Jon Kemp: Fatherhood and male mental health

This morning I have solved a mystery. My stepson and I have been playing what is that smell in my Vauxhall Corsa for the last two weeks.

So as with any such situation, I took great pleasure in turning on my inner Colombo and beginning my investigation.

I can only describe what happened next as a very sad piece of yoga, bending and groaning. Until bingo, reaching under my car seat I found the culprit. It turns out it wasn’t Colonel Mustard’s victim as my stepson had predicted. It was a nappy, filled with faeces that I had forgotten to remove after an Asda pit stop nappy change three weeks earlier.

My experience of becoming a dad has been challenging to say the least and I hope to use it in this article as a conduit to start talking about male mental health.

My hope is that it normalises people experiences, thoughts and emotions and perhaps get a laugh or two along the way. After all, laughter really is the best medicine.

So what have I learned in the last six months, other than Sebastian the crab can soothe a baby while raising my spirits at four in the morning. Well, I’ve learned that a reduction in sleep impacts on my emotions, physical feelings and behaviour.

Gone are the early morning runs and weight training and in are the biscuits and muffins (essentially anything sugary). This fuel has kept me moving and successfully prevented me from turning into a walking zombie. Its impact thou has been weight gain, something that I am embarrassed about.

Embarrassment is just an emotion and passes just like all emotional states but certain emotions such as anger can be scary. In fact, anger turned me from a passive people pleaser into a man who had seen red during a recent shopping trip.

I felt my baby was in danger and thus, just like many other species of animal, I went into protect mode. I turned from Bruce Banner to the Incredible Hulk in a matter of seconds.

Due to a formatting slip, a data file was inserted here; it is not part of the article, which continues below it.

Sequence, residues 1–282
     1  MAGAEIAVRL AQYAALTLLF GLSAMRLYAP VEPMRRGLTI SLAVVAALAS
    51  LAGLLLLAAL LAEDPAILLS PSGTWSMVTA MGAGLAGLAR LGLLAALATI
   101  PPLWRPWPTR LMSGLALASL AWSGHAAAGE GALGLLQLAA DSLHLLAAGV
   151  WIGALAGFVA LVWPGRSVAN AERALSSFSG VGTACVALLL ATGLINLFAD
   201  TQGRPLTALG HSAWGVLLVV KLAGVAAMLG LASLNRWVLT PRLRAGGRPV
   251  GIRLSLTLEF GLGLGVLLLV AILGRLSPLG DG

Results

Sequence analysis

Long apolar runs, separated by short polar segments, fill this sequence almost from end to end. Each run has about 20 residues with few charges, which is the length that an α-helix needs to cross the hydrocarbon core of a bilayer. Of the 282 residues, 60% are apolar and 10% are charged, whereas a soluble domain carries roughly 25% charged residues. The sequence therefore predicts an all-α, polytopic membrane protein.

A transformation caused by a normal emotional state that impacted my thoughts and behaviours instantaneously. This ability helped us survive and thrive when we were cavemen enabling us to fight off predators and hunt to kill. The body still has this capacity in 2018 and anger is useful in the right proportion, situation, and context.

Now back to this nappy I found under the seat. This event made me and my stepson laugh and thus I remember it when negotiating a choppy sea of fatherhood. Everyone male or female will experience change differently, one thing I’ve found useful is to talk to my partner, friends, work colleagues, family and stepson.

I am exceptionally lucky that I have this support and for those who don’t – I empathise greatly with you. Talking and learning about your mental health can make a huge difference to the quality of your life.

If you think that you need extra support with your mental health please visit www.steps2change.nhs.uk (NHS talking therapies service) or talk to your GP.

Jon Kemp is a trainee CBT therapist at steps2change, talking therapies service run by Lincolnshire Partnership NHS Foundation Trust.